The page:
Instead, you have voted for the 870 fair and square (and shoved our online editor a bit farther down the knife’s edge of life).
Personally, if I were just out to kill another deer, I’d take the Savage 220. If I were out to rekindle my snuffed spark of romanticism, I’d probably take the Ithaca, too. But I have nothing against the 870, especially the older ones that I own. It was a predictable winner. Chalk, as usual. But it is, after all, an American icon. So, all hail.
“Do-it-Yourself Bonefishing,” which I do believe to be one of the best bonefishing books ever written to airbornedoc, who said: “I wish there was a snow cone holder on my wading belt.”
I just got to thinking about casting on a hot summer day, and having a snow cone attached to my wading belt, and I thought, “Now there is a good wish!” Who wouldn’t want to fish with a snow cone? That’s pure fantasy, and that earns a book.
Granted, there were many funny answers. (I really liked Cermele saying he wished that I did birthday parties… if this writing thing ever doesn’t work out, I could a backup plan.) I also liked po2p7so’s “I wish they would start testing for HGH in these Miss USA pageants.”
I will be granting a bonus wish to Micropterus24, who asked: “I wish to never again see Kirk Deeter in a dress.”
Poof. Done. Ain’t ever gonna happen again. You’re welcome.
eating her garbage. One attacked her, biting her head. The bear tried to drag Frana away but she escaped into the house.
She also sustained bite marks to the arm and leg and claw marks on her back. She required 30 staples and 10 stitches to close the wounds to her head. Frana is expected to make a full recovery.
Florida Fish and Wildlife Conservation Commission officials said the bite and claw marks may help them to identify the aggressive bear, which they will euthanize if they are successful in trapping it.
The attack occurred in the same day the FWC issued a warning that mother bears and cubs would become more active with the coming of spring weather. As human populations expand in central Florida, conflicts between people and bears are on the rise. Lake Mary is in Seminole County, which recorded 44 bear nuisance reports last year.
But when I’m treated to an all out frenzy of bass fishing, I use it as a learning tool that helps me greatly on those more common slow days.
Fast and furious bass action should trigger you to start tweaking baits and rigs right away, even if the worm or crank or spinnerbait you already have tied on seems to be doing a fine job. There is no better time to test new lures than during super-insane feeding windows, because if they don’t bite it when they’re biting virtually anything, chances are you don’t want to fish it when they have lockjaw.
This goes deeper, however, than just figuring out if ravenous bass will eat new lures. I use these scenarios to note statistics. For example, say you’re going to test artificial frogs among a school of crazed bass on a stretch of lily pads. The colors of the frogs you choose, and the action necessary to get bit often are surely important, but what you may want to look at are factors like strike to landing ratio, or how well the lure holds up after being trashed. In the particular case of frogs, I use a heavy bass feeding window to help me alter stock hook orientations towards better hook penetrating angles. It’s a fine tweak, but necessary to have worked out for when I pick up that same frog during a tough bite. Otherwise, even something as simple as making a certain size hook lay perfectly on your plastic worm, allowing for both the optimal worm action and hook gap/worm relationship, is a very important process to work through. My point is, if you throw the same Texas-rigged lizard and it’s rigged the same way every time you show up to the slugfest, you may be missing out on what an action packed day could teach you.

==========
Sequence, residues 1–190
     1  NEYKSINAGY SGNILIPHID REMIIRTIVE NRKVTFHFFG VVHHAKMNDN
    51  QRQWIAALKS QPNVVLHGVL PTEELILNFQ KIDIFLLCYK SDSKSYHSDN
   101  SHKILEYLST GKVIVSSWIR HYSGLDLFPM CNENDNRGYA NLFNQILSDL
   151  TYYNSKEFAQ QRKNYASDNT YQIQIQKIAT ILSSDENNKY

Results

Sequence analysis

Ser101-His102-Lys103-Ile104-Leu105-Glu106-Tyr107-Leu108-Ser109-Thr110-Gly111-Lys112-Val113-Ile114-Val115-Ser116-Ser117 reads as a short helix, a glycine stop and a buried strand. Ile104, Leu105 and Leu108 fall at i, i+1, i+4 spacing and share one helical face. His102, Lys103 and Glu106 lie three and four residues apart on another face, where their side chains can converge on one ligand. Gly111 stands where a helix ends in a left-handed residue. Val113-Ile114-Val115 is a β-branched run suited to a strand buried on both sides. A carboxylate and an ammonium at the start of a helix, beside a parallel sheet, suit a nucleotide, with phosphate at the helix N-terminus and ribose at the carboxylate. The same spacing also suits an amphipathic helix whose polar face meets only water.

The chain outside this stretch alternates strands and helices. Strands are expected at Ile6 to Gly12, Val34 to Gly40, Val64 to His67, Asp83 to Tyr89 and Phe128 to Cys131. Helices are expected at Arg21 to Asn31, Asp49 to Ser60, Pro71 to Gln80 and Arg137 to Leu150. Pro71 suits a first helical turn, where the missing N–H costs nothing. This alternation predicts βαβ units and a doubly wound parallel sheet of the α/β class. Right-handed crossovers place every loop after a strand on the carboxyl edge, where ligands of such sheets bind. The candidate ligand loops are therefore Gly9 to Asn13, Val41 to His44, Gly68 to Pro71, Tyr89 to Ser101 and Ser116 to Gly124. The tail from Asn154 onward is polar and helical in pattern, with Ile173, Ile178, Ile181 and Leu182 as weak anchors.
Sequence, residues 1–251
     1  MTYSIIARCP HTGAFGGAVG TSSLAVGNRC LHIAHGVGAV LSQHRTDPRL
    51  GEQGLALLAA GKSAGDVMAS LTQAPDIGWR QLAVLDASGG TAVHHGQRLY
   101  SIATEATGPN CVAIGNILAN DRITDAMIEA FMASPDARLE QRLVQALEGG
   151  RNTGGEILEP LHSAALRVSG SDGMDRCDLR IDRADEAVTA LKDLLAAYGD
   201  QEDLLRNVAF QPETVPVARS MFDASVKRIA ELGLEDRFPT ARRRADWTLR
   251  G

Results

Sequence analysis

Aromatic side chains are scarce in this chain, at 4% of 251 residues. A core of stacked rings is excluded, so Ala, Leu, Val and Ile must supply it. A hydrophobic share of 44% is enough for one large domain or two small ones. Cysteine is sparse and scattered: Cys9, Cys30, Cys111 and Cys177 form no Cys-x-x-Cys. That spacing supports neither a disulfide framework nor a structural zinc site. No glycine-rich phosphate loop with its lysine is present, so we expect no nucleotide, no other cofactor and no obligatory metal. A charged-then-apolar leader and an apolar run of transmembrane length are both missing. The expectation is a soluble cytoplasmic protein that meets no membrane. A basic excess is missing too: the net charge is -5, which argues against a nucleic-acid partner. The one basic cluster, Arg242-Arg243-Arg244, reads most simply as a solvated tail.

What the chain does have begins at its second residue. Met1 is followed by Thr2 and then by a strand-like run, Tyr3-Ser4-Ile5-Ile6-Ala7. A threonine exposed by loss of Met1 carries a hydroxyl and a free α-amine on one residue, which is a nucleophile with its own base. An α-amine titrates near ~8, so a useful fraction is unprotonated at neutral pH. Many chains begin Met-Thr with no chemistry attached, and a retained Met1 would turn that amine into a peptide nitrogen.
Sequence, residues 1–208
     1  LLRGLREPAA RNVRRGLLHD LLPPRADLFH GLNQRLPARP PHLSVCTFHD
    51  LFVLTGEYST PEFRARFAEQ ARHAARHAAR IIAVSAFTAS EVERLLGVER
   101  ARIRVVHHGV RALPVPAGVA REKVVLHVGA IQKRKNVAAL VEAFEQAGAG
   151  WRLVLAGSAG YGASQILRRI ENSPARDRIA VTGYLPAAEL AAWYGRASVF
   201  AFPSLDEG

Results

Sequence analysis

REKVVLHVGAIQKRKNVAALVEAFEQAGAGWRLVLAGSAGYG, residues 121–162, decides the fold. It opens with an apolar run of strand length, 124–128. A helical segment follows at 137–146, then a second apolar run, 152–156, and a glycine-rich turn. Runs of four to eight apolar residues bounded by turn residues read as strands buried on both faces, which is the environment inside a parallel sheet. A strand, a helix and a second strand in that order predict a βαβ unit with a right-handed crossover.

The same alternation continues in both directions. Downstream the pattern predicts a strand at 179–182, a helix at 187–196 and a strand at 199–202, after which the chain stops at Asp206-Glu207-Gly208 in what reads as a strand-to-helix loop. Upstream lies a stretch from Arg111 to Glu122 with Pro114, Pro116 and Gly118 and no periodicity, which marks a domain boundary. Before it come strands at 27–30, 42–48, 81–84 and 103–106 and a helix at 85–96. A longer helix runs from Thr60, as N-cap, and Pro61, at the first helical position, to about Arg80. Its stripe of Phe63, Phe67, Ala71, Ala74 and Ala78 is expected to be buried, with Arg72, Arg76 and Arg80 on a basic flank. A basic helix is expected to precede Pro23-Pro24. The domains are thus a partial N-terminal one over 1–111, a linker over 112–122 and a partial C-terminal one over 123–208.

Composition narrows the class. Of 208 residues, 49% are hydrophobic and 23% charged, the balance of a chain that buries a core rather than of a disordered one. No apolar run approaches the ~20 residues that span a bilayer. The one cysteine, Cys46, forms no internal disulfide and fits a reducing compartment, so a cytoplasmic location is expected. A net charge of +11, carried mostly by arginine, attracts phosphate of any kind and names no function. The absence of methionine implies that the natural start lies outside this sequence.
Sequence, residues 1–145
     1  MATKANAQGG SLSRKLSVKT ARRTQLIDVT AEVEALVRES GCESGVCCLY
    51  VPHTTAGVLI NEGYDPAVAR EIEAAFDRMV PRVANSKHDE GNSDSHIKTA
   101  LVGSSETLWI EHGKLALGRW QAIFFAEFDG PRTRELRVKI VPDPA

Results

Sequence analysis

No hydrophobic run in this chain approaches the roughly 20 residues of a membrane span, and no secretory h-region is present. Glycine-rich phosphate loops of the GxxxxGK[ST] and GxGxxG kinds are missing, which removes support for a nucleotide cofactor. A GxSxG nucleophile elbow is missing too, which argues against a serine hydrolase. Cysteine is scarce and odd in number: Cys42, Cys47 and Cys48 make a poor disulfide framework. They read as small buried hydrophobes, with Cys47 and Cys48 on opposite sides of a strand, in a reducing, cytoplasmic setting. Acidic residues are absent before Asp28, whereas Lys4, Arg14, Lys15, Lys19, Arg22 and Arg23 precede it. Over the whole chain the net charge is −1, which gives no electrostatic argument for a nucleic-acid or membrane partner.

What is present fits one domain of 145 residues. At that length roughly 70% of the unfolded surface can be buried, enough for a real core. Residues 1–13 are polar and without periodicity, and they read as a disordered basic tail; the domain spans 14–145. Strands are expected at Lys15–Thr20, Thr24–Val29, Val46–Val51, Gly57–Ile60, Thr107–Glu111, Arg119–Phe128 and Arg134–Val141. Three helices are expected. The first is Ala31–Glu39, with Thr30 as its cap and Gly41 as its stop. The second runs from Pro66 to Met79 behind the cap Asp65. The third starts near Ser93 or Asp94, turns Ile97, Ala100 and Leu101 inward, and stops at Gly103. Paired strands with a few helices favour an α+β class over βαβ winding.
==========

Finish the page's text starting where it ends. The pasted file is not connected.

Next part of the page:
to a tragedy. The military, when I was in it, dealt decisively with unsafe gun handling on the range. You would be spoken to immediately and forcefully, and might find yourself scrubbing pots in the messhall overnight to remind you to keep the muzzle pointed downrange.
In the civilian world, you can’t yell “Hey numbn**ts, point that damn thing at me again and I’ll beat you to death with it,” even though you may want to. If there’s a range officer handy, point out to him that the nitwit on bench number so-and-so is a menace to life and limb and let the range officer handle it. Do not wait to do this. Do not persuade yourself that it’s none of your business and you don’t want to make a scene. It is your business.
If there is no range officer around, it’s up to you. Be polite. Remember that everyone here is armed. Say, “Pardon me, sir, but I couldn’t help notice that you’re jacking rounds into the chamber with the muzzle pointed up in the air where it can shoot over the berm and kill someone in the next township if the rifle should go off accidentally.”
Nine times out of ten the offender will correct himself. If he does not, pack up and leave. You’ve done all you can. If there’s someone you can report the incident to, do so. I’ve walked off ranges, out of at least two hunts, and off one trap meet when the guy next to me put a charge of shot in the ground right in front of my foot.
If I should be invited to a quail hunt where Mr. Cheney was present, I would remember I had pressing business elsewhere, and leave in a hell of a hurry.